I tested out deltaH's colored LED idea, and Chevreul's salt behaves just as predicted, which is pretty neat. Under red light it appears red, of course. Under green light, it is indeed partially absorbing and it still appears reddish to me. Under blue light, is looks totally black.
For doing a comparison, I tried making some CuO via a long chain of syntheses (cream of tartar -> Rochelle salt -> Fenton's reagent -> CuO), but only got a tiny amount that won't scrape off my filter paper (it seems impregnated onto it). I didn't notice anything special about it under the lights, but the paper could be interfering. I'll try making some more and this time pipette off the liquid instead of filtering, so I have a powder to look at. Once I do that, I'll post photos of the results.

deltaH - 15-10-2013 at 08:37

Very nice indeed, very well done MrHomeScientist... pity no pics of the LED's :(

woelen - 15-10-2013 at 11:33

This indeed is a nice write-up with good pictures. Another thing which you may find interesting is repeating the experiment, but now without heating. This may lead to formation of nice large crystals, especially if you do the experiment at a scale of a few grams.

blogfast25 - 15-10-2013 at 12:11

Nice write up and photos. Good demonstration of the dual oxidation state of the copper. Might have a bash at this myself...

bfesser - 16-10-2013 at 07:46

Wonderful work, <strong>MrHomeScientist</strong>. I second the idea of taking some photos of the compound under monochromatic illumination.

MrHomeScientist - 17-10-2013 at 05:56

Thanks for all the high praise, especially from such illustrious members as yourselves! :) Seeing that people enjoy the things I do is great motivation for me. I'm very glad to contribute to the scientific hobbyist community.

I'll have another attempt at making Cu2O and see if I can get a sample worthy of the illumination test. If that doesn't pan out for whatever reason, I'll at least post some photos of Chevreul's salt under illumination by itself.

[edited to fix formula]

[Edited on 10-17-2013 by MrHomeScientist]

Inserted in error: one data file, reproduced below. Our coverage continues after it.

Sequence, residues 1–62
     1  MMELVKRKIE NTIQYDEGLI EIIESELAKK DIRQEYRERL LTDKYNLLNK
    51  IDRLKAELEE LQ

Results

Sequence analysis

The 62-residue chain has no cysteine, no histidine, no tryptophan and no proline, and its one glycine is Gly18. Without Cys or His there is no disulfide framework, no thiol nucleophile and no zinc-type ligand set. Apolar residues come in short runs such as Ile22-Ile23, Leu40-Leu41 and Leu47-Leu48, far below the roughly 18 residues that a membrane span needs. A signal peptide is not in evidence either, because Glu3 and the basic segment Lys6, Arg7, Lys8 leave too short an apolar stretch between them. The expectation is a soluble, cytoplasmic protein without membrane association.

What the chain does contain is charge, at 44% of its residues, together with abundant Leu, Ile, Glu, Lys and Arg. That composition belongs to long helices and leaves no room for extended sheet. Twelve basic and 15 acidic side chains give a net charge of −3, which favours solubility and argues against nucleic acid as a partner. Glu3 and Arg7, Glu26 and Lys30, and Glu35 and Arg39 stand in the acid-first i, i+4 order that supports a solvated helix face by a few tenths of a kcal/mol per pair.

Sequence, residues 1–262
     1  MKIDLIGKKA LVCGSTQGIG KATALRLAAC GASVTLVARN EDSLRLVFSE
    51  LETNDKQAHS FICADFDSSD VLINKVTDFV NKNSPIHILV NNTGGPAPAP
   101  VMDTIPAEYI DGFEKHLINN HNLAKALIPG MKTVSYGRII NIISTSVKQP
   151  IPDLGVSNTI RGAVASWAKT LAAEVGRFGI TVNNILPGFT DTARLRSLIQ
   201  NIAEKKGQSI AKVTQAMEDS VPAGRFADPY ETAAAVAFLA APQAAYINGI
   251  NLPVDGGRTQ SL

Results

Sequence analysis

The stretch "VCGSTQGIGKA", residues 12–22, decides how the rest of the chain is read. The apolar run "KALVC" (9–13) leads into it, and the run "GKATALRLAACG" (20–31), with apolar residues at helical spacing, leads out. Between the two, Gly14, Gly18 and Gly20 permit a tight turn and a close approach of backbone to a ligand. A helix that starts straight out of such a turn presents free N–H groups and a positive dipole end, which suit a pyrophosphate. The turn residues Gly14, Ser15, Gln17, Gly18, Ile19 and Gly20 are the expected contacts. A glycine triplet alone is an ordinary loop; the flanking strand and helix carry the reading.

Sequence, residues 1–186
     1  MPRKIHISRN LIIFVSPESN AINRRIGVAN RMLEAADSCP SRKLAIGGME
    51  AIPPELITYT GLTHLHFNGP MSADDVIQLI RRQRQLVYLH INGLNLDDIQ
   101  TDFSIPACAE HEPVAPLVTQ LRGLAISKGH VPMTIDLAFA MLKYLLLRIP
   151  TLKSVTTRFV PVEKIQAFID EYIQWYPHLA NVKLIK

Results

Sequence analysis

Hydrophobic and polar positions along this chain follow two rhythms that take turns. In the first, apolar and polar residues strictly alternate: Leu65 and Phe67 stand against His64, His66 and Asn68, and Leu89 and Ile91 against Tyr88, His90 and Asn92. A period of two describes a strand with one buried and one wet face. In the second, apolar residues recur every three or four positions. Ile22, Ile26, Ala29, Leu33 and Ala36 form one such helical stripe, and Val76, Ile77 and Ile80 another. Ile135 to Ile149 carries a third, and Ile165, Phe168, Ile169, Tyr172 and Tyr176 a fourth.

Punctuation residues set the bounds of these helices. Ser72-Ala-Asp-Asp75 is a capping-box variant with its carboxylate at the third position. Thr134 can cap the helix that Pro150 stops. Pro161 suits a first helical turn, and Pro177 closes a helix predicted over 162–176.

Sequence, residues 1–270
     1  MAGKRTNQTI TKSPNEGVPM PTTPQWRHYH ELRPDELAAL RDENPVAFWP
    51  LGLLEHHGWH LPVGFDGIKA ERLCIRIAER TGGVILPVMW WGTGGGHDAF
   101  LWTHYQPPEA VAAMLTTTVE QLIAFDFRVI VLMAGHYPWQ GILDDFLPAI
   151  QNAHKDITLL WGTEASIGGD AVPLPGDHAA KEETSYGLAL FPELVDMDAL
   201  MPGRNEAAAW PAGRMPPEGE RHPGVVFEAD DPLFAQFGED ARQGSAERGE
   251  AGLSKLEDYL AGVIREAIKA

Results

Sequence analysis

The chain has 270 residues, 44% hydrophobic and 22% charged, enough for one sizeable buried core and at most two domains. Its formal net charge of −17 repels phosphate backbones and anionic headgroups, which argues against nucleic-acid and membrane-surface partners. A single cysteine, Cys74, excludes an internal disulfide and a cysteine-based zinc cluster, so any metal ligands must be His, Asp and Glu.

deltaH - 17-10-2013 at 06:13

Yes the Cu2O is important because the only difference in the two is that Cu2O should appear black under green light while Chevreul's is only partially dark!

Well done again for your most excellent work!!!

Volanschemia - 17-3-2015 at 22:44

I've just made Chevreul's salt for the first time very successfully, using the CuSO4 + Na2S2O5 method.

A truly fascinating synthesis. I was wondering however, what is actually happening in the reaction. Obviously a copper compound is formed when the CuSO4 and Na2S2O5 are combined, but not sure what. Would it be Copper(II) Sulphite? And then this compound either decomposes into Chevreul's Salt, or another reaction takes place.

This may be mentioned in one of the references posted in this thread, but I have not read through them all. If someone knows the answer that would be great!

Thanks.

Eddygp - 19-3-2015 at 04:56

How does this salt react with ammonia? Does it form a complex, like the reaction of ammonia and copper(II) sulfate?

Amos - 19-3-2015 at 05:47

Quote: Originally posted by Eddygp  
How does this salt react with ammonia? Does it form a complex, like the reaction of ammonia and copper(II) sulfate?


One would be very inclined to say so, as the color of the resulting solution looks identical to the tetraammine complex that results from the dissolution of other copper(II) compounds in aqueous ammonia. Now where the copper(I) ends of going is beyond me.

woelen - 19-3-2015 at 11:03

The copper(I) also goes into solution, it forms a diammine complex [Cu(NH3)2](+). This complex is colorless.

Eddygp - 19-3-2015 at 14:00

Quote: Originally posted by woelen  
The copper(I) also goes into solution, it forms a diammine complex [Cu(NH3)2](+). This complex is colorless.


This is what I suspected... I am thinking of the possible uses of that complex. If it is isolated, it would probably respond to oxidation (when H2O2 is added, dichromate, etc.) and probably under reductive conditions. Either case, it might be interesting as a soluble copper indicator of oxidative/reductive stress.
Really, I am just speculating about the possible outcomes of these circumstances. I am not too experienced in how complexes differ from standard metal cations.